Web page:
In a first approximation it is good to see the potential of some basic classifiers like Logistic Regression or Naive Bayes. At is is shown in the next figure one can get slight better results than the baseline model.


Classifiers based on decision trees bagging produce better results as shown in the following figure.


Also an advantage of the models based on decision trees is that they are able to rank the feature importance. The following figure shows which features play a significant role in the prediction. One can see how the analysis done on the client transaction history allows to improve the prediction. One could assume that the balance in the account before granting the loan is an important feature. However, one also understands that often someone needs a loan when the balance is not very high.


Rank the probability of loan success

Finally, some classifiers provide a probability for an item to be in a class. We can use these probabilities to rank the loans. In this exercise, a random forest classifier is used to rank the loans using the probability of success. The following figures show the loan success rate for the percentage of the sample that is most likely to be "on schedule" according to the classifier. To produce the curves, the model is trained several times with different random subsets of the loans and the predictions are analyzed on the complementary data. The figures show the average for all the iterations and its standard deviation.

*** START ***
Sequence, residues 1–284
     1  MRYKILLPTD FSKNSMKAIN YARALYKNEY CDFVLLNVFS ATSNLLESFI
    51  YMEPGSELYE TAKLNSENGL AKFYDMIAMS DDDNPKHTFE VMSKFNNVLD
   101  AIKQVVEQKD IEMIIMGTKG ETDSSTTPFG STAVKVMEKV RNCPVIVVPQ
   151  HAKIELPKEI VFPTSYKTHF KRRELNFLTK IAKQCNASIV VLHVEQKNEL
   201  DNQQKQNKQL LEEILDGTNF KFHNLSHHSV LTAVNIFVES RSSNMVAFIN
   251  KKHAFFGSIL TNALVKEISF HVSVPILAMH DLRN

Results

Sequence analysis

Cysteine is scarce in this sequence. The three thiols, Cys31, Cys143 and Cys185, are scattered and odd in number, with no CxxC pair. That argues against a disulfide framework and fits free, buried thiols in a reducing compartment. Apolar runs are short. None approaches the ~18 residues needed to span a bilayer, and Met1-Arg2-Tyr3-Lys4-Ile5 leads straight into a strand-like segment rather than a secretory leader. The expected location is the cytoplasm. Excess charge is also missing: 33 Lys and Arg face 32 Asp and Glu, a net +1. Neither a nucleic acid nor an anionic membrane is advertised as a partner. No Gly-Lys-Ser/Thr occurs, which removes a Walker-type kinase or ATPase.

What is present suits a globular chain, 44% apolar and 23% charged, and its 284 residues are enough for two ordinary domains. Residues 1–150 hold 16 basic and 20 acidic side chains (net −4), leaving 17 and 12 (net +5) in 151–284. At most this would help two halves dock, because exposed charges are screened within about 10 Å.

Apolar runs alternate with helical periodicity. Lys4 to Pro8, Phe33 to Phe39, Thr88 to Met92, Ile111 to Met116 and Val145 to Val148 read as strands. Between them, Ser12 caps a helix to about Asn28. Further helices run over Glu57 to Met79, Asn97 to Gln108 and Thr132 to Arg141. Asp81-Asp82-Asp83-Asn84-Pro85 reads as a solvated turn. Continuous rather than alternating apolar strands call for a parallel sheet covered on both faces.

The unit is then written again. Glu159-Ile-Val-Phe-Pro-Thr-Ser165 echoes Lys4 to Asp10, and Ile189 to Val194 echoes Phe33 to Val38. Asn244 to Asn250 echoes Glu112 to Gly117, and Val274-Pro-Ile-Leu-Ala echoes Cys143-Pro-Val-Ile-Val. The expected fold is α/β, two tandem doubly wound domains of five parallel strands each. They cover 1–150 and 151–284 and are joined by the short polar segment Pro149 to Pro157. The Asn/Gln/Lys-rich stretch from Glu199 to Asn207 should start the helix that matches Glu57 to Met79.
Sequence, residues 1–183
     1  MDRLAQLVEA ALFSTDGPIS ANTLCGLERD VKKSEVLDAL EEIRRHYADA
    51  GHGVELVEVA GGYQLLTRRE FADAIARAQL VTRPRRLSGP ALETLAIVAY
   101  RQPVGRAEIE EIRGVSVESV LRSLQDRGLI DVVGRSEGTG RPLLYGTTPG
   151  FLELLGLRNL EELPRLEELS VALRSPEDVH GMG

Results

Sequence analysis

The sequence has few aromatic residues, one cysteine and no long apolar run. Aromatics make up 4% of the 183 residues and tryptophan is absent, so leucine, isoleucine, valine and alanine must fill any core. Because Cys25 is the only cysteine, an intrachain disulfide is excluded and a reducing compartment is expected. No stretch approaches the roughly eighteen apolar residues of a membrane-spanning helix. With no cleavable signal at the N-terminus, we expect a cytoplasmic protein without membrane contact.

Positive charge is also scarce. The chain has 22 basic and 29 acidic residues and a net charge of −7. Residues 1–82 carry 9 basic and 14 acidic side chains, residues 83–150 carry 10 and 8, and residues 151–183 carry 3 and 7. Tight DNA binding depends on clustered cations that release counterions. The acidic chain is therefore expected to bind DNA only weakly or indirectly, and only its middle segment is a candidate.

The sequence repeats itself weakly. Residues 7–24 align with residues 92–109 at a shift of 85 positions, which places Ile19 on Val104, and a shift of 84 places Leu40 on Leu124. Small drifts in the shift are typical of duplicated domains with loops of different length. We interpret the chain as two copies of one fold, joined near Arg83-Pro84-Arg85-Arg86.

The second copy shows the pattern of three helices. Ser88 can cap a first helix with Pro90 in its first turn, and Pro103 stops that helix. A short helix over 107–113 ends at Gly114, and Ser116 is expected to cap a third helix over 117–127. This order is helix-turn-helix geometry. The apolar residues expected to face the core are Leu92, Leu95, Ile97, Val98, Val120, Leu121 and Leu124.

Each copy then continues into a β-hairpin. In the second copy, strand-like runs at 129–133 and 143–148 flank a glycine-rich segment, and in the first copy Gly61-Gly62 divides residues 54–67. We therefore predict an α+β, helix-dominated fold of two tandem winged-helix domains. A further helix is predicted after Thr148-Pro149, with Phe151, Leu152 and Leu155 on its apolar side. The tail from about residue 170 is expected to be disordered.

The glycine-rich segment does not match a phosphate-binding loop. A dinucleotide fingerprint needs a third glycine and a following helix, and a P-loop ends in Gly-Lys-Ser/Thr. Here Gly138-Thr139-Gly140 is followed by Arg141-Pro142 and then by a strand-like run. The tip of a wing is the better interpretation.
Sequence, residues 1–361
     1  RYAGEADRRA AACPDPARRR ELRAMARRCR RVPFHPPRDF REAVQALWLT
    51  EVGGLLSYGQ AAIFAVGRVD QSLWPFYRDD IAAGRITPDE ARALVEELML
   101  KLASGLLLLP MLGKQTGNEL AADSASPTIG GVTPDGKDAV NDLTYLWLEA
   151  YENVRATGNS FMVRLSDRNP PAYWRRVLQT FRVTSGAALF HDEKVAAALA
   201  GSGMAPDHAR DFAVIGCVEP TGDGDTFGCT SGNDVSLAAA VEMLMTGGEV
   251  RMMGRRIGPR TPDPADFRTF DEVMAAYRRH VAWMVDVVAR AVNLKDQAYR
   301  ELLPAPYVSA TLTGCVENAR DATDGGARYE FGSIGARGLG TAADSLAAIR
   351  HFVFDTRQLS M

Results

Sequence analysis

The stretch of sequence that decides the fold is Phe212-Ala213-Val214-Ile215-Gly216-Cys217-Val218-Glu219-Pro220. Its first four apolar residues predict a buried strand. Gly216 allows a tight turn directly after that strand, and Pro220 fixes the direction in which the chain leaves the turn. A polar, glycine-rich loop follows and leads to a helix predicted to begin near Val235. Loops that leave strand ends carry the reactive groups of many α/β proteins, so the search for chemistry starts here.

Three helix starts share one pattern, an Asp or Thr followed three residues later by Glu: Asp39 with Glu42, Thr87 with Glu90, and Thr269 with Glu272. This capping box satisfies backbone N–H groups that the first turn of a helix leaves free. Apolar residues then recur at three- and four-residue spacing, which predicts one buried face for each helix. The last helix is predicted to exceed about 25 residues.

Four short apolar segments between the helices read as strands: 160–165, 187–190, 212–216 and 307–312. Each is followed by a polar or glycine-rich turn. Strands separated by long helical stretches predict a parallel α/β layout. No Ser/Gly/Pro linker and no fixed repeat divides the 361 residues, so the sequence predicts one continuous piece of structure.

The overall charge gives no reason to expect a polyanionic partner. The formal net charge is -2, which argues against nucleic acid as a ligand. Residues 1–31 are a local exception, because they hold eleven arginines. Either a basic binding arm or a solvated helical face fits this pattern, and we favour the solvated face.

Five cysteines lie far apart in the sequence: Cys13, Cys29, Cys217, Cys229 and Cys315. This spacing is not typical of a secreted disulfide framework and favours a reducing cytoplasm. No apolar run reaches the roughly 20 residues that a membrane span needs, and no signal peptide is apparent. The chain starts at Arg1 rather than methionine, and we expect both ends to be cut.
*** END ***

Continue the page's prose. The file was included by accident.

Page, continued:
Final remarks

In this article, I used one of the largest open bank data sets to make predictions about how well a client will deal with future loan payments. A similar project could be done (surely it is being done) with real data. The information from these studies will be useful for both the bank and the client. This kind of analysis can be used to adjust the length of the loan and the payments to make them more affordable for the client during the loan period.
Some questions can be raised about the current exercise. On the features side, it is possible that the account has a specific purpose. Also, is possible that the clients have other accounts for other purposes or in other banks. All this information should be aggregated in the feature vector. On the data side, there is a selection of the clients and the loans, so the results are biased towards “on schedule” loans. In fact, even the loans classified as “in default” have been returned mostly, and in the rest, often the clients seem able to complete the payments. This could suggest a tight selection of the clients granted with a loan.
If you find this topic interesting, please find more info about our AI team offering and do not hesitate to drop a line if you want to discuss more.

References

  • Boogie Software Oy is a private Finnish company headquartered in Oulu, Finland. Our unique company profile builds upon top level software competence, entrepreneurial spirit and humane work ethics. The key to our success is close co-operation with the most demanding customers, understanding their business and providing accurate software solutions for complex problems.
  • The open bank data used in the article can be found in the following link https://sorry.vse.cz/~berka/challenge/
  • A more detailed analysis with additional figures in Jupyter notebooks is available in the following github repository explore-financial-data.
  • The analysis has been done using numpy, pandas and scikit-learn Python libraries. The figures have been generated using matplotlib and seaborn libraries.